Google Pigeons Land On Local Search (Google Pigeon Update)

In July 2014 Google released its largest LOCAL search update in a release named the Pigeon Update. If you’re following best practices (as in, you’re giving your customers what they want, regardless of what the search engines do) then you’re doing pretty well. In fact, Pigeon probably helped you. It definitely helped the likes of Yelp, Urbanspoon, OpenTable, Kayak, TripAdvisor, etc. since this new release put the results of those sites’ customer reviews ahead of Google’s reviews (which was a sore spot for quite some time).

This update is not only helpful for eateries, bars and other places, it’s also helpful for the Google user as well. The local search algorithm strives to take densely populated areas and actually pinpoint venues that are really “near you”, not just within a 5 mile radius, that realistically, in a city, would take you 40 minutes to get there.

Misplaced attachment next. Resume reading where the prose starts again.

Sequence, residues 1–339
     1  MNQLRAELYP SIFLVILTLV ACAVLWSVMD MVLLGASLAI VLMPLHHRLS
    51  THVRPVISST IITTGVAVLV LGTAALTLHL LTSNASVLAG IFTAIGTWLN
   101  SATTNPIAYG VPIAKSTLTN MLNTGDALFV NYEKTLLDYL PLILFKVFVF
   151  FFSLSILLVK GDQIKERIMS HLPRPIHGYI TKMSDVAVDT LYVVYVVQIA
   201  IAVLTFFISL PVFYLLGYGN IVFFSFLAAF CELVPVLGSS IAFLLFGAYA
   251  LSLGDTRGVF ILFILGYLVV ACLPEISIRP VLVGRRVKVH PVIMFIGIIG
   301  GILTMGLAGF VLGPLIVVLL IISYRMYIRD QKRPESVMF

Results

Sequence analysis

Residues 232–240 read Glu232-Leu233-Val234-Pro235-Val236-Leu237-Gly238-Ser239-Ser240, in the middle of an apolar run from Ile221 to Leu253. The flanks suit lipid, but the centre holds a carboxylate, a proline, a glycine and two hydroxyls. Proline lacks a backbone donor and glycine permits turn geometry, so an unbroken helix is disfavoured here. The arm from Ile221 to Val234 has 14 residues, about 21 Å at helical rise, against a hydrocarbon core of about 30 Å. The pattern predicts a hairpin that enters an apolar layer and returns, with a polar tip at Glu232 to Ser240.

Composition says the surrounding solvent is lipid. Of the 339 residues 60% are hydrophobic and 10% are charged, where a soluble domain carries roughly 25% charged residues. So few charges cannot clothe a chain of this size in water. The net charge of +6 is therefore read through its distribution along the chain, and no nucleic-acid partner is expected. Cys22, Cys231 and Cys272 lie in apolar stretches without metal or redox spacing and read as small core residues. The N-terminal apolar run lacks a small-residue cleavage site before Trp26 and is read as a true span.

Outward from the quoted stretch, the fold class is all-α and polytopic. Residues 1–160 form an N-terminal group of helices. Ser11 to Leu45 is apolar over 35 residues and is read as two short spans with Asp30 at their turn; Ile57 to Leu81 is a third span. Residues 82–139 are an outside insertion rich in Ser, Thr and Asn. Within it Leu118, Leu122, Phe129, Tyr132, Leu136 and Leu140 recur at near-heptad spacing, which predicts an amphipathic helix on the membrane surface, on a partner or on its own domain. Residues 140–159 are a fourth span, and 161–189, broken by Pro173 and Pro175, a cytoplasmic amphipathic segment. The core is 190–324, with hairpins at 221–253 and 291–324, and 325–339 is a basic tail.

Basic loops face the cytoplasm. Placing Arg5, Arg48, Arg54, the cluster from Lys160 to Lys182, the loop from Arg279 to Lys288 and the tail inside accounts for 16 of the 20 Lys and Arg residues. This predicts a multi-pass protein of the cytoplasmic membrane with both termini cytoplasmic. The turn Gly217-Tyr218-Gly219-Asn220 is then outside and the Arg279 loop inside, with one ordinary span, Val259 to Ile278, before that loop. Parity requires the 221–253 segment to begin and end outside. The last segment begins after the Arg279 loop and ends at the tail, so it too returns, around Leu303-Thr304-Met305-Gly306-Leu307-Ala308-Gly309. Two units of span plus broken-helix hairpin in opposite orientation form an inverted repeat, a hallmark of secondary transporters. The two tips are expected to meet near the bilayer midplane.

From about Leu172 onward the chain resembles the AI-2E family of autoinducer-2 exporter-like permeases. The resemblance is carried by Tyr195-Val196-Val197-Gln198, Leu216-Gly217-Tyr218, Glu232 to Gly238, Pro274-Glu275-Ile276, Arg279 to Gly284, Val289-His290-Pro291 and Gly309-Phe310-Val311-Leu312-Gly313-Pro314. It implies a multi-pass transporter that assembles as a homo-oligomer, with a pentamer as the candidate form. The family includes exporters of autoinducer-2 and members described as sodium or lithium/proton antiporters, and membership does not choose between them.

The algorithm also attempts to pinpoint where YOU are, and tries to make your “neighborhood” (the area that’s actually “near you”) a moving target. For example, if you search for “nightclubs near Larimer Square”, but there are nightclubs closer to you on Wazee, the search results will take that into account and show you what is truly near you.

Another cool aspect of the update is how Google is trying – just like with its “natural search” updates – to look at a neighborhood not just as a visitor sees it, but a local as well. “Uptown” is not longer a general term that may have been used with land developers created a neighborhood 40+ years ago – but “Uptown” can simultaneously be categorized as “Arts Central” (or whatever the locals use for a portion of their neighborhood).

Overall, if you’re local, you need to think local.

Or, if you’re NOT local but you’re helping a client that has a limited service area (a bar, restaurant, hair salon, electrician) when you create content on your website, include the “locals” names for your service area, don’t just put “123 Main St” as your location – include the city, state, zip. Talk about the local area when you blog. All of it will help your website be seen by Google’s algorithm as belonging to that service area – and your potential customers will appreciate the information about the local area.